The DNA vaccines field is definitely regaining the momentum that it had a few years ago, according to David Weiner, Ph.D., professor of pathology and laboratory medicine at the University of Pennsylvania and chair of the “DNA Vaccines” meeting held last month in New Orleans. “There are a lot of exciting breakthroughs, and the clinical data is much more encouraging.”
“DNA Vaccines,” sponsored by BioConferences International, a Mary Ann Liebert company, covered a range of noteworthy topics including: new approaches to electroporation, vaccine formulation, vector design, and recent clinical trials including a large-scale trial of an HIV/AIDS vaccine in Thailand.
In the HIV/AIDS trial described by Colonel Nelson Michael, M.D., Ph.D., of the Walter Reed Army Research Institute, the vaccine showed a modest (30%) but statistically significant protective effect over unvaccinated controls. “While a suitable HIV vaccine is quite a few years away, we’re in positive territory,” Dr. Weiner explained. “Getting from 30 to 60 percent effectiveness is a lot easier than getting from 0 to 30 percent. It is a big challenge, but several efficacy trials for HIV are quite encouraging.”
Matjaz Peterka, Ph.D., manager at BIA Separations, discussed the challenges of purifying plasmids,whose large size, negative charge, and varied levels of coiling and supercoiling present special challenges.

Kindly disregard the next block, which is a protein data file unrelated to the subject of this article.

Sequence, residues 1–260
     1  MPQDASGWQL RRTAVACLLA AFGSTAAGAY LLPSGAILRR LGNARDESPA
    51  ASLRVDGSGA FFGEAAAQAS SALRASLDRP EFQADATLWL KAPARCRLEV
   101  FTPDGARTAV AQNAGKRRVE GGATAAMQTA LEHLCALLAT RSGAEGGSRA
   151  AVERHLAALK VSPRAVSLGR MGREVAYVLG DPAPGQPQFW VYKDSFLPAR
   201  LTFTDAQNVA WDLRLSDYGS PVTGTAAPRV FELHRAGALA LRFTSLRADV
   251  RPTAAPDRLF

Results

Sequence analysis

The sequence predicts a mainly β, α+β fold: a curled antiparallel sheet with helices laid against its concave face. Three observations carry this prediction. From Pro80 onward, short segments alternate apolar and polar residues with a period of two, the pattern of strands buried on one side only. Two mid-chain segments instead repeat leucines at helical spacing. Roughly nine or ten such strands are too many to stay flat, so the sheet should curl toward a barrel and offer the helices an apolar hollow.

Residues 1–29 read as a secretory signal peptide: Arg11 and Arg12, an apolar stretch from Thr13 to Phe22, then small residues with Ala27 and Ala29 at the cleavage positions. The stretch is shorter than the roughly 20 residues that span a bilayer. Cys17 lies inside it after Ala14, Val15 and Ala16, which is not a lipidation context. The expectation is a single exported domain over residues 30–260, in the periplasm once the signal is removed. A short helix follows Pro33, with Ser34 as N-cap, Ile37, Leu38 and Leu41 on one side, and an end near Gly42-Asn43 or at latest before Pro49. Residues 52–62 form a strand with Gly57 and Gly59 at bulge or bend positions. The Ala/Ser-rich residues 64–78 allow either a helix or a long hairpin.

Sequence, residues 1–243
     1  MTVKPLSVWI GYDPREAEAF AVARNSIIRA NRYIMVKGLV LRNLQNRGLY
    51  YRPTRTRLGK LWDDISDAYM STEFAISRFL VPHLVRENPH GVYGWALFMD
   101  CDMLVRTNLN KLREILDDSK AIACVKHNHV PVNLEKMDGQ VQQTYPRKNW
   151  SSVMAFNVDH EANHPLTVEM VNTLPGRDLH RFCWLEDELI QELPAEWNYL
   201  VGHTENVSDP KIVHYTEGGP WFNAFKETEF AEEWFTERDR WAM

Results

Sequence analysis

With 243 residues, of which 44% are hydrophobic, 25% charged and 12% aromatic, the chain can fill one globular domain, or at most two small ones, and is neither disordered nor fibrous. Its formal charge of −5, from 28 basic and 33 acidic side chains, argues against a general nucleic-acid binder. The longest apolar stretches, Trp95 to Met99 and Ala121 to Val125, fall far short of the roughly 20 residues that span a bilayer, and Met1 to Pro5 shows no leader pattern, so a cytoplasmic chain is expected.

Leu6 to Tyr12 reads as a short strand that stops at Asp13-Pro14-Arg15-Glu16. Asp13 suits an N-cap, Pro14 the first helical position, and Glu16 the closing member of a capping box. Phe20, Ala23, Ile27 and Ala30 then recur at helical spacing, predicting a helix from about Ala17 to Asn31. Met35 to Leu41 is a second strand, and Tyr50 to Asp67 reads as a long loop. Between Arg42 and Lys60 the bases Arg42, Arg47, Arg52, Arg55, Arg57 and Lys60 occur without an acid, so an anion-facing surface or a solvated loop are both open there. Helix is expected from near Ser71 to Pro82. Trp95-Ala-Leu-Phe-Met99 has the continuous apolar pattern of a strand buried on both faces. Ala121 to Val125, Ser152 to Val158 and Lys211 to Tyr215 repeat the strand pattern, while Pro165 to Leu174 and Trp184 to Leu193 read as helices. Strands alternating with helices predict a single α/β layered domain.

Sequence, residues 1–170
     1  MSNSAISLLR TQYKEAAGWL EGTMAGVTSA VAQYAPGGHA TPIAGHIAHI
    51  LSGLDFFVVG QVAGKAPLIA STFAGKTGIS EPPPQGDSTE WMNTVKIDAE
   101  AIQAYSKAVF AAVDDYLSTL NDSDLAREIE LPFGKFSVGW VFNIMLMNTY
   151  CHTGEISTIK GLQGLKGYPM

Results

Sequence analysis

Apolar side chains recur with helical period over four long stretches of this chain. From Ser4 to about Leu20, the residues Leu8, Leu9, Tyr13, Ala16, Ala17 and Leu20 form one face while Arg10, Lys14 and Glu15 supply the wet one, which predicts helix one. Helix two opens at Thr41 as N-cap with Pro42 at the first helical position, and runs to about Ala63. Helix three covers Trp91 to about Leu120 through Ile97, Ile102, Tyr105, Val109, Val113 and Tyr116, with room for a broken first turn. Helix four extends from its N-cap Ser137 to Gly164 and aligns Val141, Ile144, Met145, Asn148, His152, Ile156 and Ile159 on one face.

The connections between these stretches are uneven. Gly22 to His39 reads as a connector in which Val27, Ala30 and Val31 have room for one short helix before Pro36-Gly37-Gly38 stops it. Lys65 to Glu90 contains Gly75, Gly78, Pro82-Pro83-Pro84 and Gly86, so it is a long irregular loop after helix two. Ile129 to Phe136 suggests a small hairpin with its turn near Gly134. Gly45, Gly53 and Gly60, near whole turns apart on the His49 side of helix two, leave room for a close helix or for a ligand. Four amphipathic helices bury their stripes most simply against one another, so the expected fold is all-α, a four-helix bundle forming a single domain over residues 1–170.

Plasmids represent less than 0.5% of the wet biomass, and endotoxins and other impurities must be completely removed. Because of their size, plasmids diffuse slowly through the solvent, and they may not be able to easily penetrate chromatographic beads if the pore size is too small. Since most chromatographic media is optimized for protein applications, viral particles and plasmids will tend to adhere to the outside, greatly reducing the absorptive capacity of the beads.
Monolithic columns, on the other hand, are better suited for plasmid separation, according to Dr. Peterka. With large flow-through channels (1.5 µm) and high surface accessibility they are useful for “mega-molecular” purification. The result is higher dynamic binding capacity, a flow-independent performance with lowered shear forces. “In our strategic planning, we focused on selective precipitation, anion exchange chromatography, and hydrophobic interaction chromatography,” he stated.
BIA Separations’ selective purification component employs CaCl2, and the separation of nucleic acids is accomplished through the use of a convection interaction media (CIM) DEAE-tube monolithic column, a weak anion exchanger. This column is used for extremely fast, highly efficient separations of large molecules such as proteins or DNA, as well as smaller molecules such as peptides.
It is followed by efficient separation of supercoiled and open circular pDNA on the CIM® C4 HLD-1 tube monolithic column. Following optimization, scale up of the process can continue using an 8,000 mL column, which will purify up to 48 g of plasmid DNA.
“The CIM DNA purification process removes over 99 percent of all major contaminants, and is fast and scalable,” said Dr. Peterka. “The economics are highly favorable, with high binding capacity and low buffer consumption, resulting in high productivity.”